John Wallis, 1616-1703
A special meeting of ARITHMOS will be held at the home of Fred Rickey (ask for directions: firstname.lastname@example.org ) on May 17. Our purpose is twofold:
The schedule, which will be very relaxed, will be somewhat as follows:
The selection of texts has not yet been made [[ update: see list immediately below ]], but portions dealing with Newton's work on the Binomial Theorem are on the list. Your suggestions would be welcome.
I have been told that these do not print from your browser. Rather you should save them to your machine and then print them. When you do this, I suggest that you number them like I have below. Some of the pages have no page number and so it will be nice if we have a standard way of referring to them. I would like to thank Sheila H. Biles of the Special Collections and Archives Division of the United States Military Academy Library for preparing these images for us.
If you plan to attend, please email me and I will post you (send your snail address) a copy of the readings.
The work to be discussed is
A Treatise of Algebra, both Historical and Practical. Shewing the original, progress, and advancement thereof, from time to time; and by what steps it hath attained to the heighth at which now it is. With some additional treatises, I. Of the Cono-cuneus; being a Body representing in part a Conus, in part a Cuneus. II. Of Angular Sections; and other things relating thereunto, and to trigonometry. III. Of the angle of contact; with other things appertaining to the Composition of Magnitudes, the Inceptives of Magnitudes and the Composition of Motions, with the Results thereof. IV. Of combinations, alternations, and aliquot parts. By John Wallis. London, Printed by J. Playford, for R. Davis, 1685.
The English text is available on microfilm in Early English books, 1641-1700 : 402:29, 854:14, and so could be in your school's library.
The 1693 Latin text of the Treatise on Algebra is available on line. It contains a good deal of information not in the English text.
The following are a few selected items relating to John Wallis and his Treatise on Algebra. Reading the DSB article by Scriba and the chapter of Oxford figures by Flood and Fauvel is encouraged before our meeting. The book by Scott remains the most comprehensive source. If you know other things that should be included, let me know (but this is not intended to be a comprehensive list of references related to Wallis).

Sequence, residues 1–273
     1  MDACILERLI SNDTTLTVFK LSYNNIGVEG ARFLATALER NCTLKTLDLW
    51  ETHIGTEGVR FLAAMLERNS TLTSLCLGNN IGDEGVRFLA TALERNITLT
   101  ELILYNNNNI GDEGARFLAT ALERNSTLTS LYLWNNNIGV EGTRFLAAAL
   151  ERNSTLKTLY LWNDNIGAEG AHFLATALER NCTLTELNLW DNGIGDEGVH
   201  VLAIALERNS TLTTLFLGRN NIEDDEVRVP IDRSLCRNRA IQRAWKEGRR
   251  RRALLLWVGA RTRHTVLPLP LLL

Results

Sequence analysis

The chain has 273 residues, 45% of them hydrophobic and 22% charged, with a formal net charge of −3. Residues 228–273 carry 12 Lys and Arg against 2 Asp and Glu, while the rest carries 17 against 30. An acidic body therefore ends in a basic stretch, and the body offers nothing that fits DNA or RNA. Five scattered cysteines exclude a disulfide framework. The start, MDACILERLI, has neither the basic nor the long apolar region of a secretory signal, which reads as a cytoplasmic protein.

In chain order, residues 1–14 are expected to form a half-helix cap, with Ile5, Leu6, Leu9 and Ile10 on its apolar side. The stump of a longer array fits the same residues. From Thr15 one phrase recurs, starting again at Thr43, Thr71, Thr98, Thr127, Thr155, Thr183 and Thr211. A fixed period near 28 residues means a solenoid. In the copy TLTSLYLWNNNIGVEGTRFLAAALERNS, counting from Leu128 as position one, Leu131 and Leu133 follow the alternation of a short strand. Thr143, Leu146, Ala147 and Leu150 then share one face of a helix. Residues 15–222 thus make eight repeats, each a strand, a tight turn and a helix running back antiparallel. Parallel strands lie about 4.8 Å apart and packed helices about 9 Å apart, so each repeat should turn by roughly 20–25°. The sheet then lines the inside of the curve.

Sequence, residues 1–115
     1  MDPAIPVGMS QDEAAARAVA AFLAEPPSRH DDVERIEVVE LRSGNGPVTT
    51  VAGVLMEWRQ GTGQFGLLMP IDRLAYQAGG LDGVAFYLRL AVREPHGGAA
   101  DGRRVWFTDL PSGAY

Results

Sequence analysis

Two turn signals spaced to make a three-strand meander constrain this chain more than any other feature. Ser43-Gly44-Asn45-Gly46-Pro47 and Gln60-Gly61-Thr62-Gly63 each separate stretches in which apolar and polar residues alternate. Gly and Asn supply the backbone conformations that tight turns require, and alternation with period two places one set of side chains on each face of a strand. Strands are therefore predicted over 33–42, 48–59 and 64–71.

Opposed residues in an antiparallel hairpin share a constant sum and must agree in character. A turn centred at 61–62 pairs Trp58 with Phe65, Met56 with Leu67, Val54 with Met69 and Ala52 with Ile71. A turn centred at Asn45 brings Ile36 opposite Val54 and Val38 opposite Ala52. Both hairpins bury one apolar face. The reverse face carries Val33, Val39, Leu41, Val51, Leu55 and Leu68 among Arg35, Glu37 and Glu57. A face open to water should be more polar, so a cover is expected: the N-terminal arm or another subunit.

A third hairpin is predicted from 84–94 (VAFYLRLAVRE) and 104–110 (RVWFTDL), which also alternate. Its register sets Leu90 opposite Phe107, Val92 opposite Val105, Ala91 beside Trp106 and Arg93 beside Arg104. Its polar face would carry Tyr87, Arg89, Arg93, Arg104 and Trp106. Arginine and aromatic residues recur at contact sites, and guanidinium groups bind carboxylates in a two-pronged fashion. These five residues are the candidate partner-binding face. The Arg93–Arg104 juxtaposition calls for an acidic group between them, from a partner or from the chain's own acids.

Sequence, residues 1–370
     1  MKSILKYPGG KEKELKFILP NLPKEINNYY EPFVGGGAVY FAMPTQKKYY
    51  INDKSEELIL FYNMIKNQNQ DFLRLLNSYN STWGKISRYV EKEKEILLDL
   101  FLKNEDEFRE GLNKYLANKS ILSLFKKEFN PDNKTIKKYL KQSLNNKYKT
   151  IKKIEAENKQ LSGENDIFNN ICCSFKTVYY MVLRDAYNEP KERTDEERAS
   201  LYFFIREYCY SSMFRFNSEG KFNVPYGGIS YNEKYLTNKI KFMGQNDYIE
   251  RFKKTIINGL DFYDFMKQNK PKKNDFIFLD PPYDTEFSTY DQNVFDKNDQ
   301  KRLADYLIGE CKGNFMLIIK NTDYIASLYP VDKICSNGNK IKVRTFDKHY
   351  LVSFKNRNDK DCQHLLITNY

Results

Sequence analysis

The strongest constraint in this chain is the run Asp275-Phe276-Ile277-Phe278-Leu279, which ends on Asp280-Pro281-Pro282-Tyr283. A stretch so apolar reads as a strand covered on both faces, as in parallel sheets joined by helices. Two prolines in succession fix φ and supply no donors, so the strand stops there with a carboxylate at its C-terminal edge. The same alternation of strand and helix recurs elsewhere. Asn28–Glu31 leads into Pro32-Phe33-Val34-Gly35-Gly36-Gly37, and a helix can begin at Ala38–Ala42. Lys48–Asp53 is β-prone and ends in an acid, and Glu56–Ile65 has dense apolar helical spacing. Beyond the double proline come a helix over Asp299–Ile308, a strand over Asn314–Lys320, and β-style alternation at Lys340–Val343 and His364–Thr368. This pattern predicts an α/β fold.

Feingold, Mordechai, chapter 6, pp. 359-448 of The History of the University of Oxford, vol. IV, Seventeenth-century Oxford, Clarendon Press, Oxford, 1997, contains "a full and broad account of the context of mathematical and scientific studies over this period at Oxford" according to Flood and Fauvel, 2000. I have not seen this, but have ordered a copy via ILL.
Flood, Raymond, Fauvel, John, "John Wallis," pp. 97-115 in Oxford figures, Oxford Univ. Press, Oxford, 2000.
Scott, Joseph Frederick, "John Wallis as historian of mathematics," Annals of Science, 1 (1936), 335-357.
Scott, Joseph Frederick, "The Reverend John Wallis, F.R.S. (1616-1703)" Notes and Records of the Royal Society of London, Vol. 15. (Jul., 1960), pp. 57-67. Available on JSTOR.
Scott, Joseph Frederick, The mathematical work of John Wallis, D.D., F.R.S. (1616--1703). Second edition. With a foreword by E. N. da C. Andrade. Chelsea Publishing Co., New York, 1981. xi + 240 pp. (1 plate). $14.95. ISBN 0-8284-0314-7. First edition was 1938. MR 83m:01024.
Scriba, Christoph J., "The autobiography of John Wallis, F.R.S." Notes and Records of the Royal Society of London, Vol. 25, No. 1. (Jun., 1970), pp. 17-46. Available on JSTOR.
Scriba, Christoph J., "Wallis, John," in the Dictionary of scientific biography, Vol. 14, pp. 146-155, Scribner's, New York, 1976.
Stedall, Jacqueline A., "Of our own nation: John Wallis's account of mathematical learning in medieval England,", Historia Mathematica, 28 (2001), no. 2, pp. 73--122. MR 2002e:01012. A very scholarly treatment of some of the early historical chapters in the Algebra.
Posted May 1, 2003. Send comments to email@example.com .